Research shows that traditional home cooking is on the decline
Traditional cooking skills such as making tomato sauce from scratch, homemade gravy and poaching an egg are dying out, a study has found.
Researchers polled 2,000 households on their cooking abilities and found a number of skills are on the wane – including being able to make cheese sauce that’s not from a packet, ‘proper’ stuffing and batter.
Other cooking techniques on the decline include making white sauce from scratch and making you own salad dressing, along with making homemade stock.
Eighty per cent said they simply don’t have enough time to cook from scratch.
While 78 per cent rely on convenience foods such as ready meals and pre-chopped vegetables in order to get by.
The research, commissioned by Ulster Weavers, a home textiles company based in Northern Ireland, also found meals such as toad in the hole, bubble and squeak and hot pot were enjoyed by families on a daily basis in the seventies.
But today, families are more likely to eat quick-fix dinners such as pizza, curry and spaghetti bolognese.
A spokesman for Ulster Weavers said: “It’s a shame traditional cooking skills appear to be falling by the wayside. The results suggest people are strapped for time as a result of their busy lifestyles, meaning they aren’t able to go that extra mile in the kitchen. This could have an impact on future generations who may grow-up unable to cook and prepare certain foods.”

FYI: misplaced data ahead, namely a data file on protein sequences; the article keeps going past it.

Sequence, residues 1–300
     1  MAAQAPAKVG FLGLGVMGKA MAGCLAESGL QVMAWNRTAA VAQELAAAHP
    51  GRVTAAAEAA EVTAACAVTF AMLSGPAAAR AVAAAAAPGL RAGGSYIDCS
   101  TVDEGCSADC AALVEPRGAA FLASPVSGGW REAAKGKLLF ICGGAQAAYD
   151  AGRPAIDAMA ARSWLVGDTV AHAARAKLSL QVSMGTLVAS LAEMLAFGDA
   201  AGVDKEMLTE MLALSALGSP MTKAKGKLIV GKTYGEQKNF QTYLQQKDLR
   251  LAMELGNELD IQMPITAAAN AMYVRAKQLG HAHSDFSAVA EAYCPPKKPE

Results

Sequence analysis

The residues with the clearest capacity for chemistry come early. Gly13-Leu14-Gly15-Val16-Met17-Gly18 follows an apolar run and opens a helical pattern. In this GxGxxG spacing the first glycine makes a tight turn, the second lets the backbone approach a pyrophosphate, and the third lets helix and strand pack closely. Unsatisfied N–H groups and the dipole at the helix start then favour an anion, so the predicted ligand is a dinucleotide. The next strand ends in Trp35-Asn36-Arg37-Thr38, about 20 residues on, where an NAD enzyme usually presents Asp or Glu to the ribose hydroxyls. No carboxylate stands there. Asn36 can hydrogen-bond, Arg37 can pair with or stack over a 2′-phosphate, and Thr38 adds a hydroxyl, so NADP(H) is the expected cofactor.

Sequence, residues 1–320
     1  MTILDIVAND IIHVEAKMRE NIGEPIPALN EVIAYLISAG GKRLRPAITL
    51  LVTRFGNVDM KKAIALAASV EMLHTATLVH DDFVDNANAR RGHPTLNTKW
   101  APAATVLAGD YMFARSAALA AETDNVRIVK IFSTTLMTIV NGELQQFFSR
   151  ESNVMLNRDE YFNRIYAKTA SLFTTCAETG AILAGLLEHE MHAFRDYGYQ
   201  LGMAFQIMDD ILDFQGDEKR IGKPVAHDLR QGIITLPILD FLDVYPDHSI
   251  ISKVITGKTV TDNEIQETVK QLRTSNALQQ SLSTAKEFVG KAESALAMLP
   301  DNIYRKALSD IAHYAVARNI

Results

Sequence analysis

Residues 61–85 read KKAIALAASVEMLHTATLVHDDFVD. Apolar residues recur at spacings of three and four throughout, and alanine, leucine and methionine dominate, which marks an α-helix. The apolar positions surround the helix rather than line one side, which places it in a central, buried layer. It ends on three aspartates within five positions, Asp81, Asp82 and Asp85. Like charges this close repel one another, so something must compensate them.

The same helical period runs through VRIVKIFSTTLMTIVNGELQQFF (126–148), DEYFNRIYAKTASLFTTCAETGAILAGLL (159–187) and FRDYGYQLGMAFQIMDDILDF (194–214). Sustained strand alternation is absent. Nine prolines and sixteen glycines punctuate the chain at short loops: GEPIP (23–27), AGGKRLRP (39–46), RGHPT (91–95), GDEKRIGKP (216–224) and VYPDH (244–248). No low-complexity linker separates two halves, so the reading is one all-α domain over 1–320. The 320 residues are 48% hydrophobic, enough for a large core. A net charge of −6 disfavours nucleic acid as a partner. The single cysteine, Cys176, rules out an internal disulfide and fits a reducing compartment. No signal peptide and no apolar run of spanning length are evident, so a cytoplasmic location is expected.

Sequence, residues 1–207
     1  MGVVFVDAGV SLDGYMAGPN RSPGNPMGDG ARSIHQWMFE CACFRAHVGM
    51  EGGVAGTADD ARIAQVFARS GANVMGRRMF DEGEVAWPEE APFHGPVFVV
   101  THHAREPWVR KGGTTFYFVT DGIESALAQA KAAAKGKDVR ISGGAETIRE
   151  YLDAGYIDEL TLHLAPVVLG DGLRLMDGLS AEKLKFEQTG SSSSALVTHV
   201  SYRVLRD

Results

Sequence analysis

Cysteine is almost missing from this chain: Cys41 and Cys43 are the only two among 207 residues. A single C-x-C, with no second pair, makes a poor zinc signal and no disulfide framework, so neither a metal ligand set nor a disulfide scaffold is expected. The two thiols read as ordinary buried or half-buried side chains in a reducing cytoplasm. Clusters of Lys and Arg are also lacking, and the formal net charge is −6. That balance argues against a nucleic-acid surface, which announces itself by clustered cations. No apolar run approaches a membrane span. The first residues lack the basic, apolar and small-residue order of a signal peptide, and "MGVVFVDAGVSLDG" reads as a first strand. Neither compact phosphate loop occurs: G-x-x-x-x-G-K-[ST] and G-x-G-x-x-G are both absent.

Researchers found other cooking skills falling by the wayside include browning mince, braising steak and melting chocolate properly.
Making roast potatoes also features in the list, along with putting an omelette together and making Yorkshire puddings.
It also emerged around half of the population wish they had learnt more traditional cooking skills when they were younger.
And nearly three quarters agree traditional cooking skills are dying out.
But while 67 per cent were taught to cook by their Mum, just 16 per cent have learnt how to cook from their dad.
Amid this, three in ten said their family have secret recipes – including recipes for cakes, meatballs and stews.
Half of families regularly cook together – typically six times a month – and 80 per cent of families often eat together – on average 19 times a month.
A spokesman for Ulster Weavers added: “It’s such a shame that traditional cooking skills are dying out.
“We think it’s so important that we offer the opportunity for families to cook together again which is where we offer a children’s range as well as easy to cook recipes on our website.”